By Alan Boyle
Dec 7, 2006
Even as it prepares for its first nighttime shuttle launch in four
years, NASA has clamped down on its computer network policies, due to
security concerns raised about documents sent as e-mail attachments.
Shuttle planners were reportedly adjusting their e-mail routines to
accommodate the new network limits, and the policy change wasn't
expected to impact plans to launch the shuttle Discovery on its 12-day
mission to the international space station. Liftoff is scheduled at 9:35
p.m. ET Thursday, although unacceptable weather conditions could force a
Representatives at NASA Headquarters told MSNBC.com on Thursday that the
new limits would block the receipt of Microsoft Word documents coming in
to the space agency's core computer network as e-mail attachments.
(MSNBC.com is a joint venture of Microsoft and NBC Universal.)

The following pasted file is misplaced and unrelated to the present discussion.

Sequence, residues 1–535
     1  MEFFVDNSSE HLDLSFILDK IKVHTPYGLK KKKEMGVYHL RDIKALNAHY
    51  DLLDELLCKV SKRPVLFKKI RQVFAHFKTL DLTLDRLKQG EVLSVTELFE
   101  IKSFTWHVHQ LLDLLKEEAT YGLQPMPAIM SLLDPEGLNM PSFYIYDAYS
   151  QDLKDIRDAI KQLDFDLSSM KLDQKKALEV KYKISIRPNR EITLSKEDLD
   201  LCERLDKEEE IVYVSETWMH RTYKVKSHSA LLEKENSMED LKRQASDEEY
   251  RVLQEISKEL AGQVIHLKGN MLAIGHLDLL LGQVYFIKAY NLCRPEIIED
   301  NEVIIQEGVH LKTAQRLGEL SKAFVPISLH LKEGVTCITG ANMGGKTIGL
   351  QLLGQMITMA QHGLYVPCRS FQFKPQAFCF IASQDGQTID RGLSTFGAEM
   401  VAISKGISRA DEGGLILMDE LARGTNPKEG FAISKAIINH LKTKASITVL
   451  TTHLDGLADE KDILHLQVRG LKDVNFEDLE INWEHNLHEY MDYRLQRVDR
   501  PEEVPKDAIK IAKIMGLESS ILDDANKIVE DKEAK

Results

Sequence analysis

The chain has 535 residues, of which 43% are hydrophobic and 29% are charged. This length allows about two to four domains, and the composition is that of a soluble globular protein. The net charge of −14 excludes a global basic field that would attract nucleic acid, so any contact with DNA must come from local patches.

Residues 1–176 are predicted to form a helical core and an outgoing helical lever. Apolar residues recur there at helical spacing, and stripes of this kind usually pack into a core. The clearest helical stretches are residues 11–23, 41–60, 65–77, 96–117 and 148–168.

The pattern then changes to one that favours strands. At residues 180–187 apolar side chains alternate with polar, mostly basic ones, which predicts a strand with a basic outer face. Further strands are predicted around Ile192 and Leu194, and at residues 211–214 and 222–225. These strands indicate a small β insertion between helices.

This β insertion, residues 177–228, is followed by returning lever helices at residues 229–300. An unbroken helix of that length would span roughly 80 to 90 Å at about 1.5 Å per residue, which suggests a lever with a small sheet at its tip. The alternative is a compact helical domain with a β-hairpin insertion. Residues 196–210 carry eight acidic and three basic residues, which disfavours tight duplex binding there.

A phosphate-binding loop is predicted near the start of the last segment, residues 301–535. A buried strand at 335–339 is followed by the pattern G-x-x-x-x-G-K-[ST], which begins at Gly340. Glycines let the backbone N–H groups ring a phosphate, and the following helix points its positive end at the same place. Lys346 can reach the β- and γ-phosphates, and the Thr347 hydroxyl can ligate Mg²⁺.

The limits were instituted Wednesday night in response to an advisory
from Microsoft that such attachments could be used maliciously to gain
unauthorized access to the network, said Grey Hautaluoma, a spokesman at
"There is that concern right now," Hautaluoma said. "We're working
NASASpaceFlight.com, an independent online news outlet, reported that a
memo went out  from shuttle program manager Wayne Hale asking his
team to assess whether the limits might have a "severe mission impact."
Jennifer Tharpe, an information specialist at NASA's Kennedy Space
Center in Florida, told MSNBC.com that the shuttle team determined the
workarounds would be sufficient for operations during Discovery's
It is a precautionary measure, Tharpe said of the e-mail limits.
Typically, we dont discuss matters of IT security. But it has no
operational impact on the shuttle launch. There are several workarounds,
and its just not an issue.
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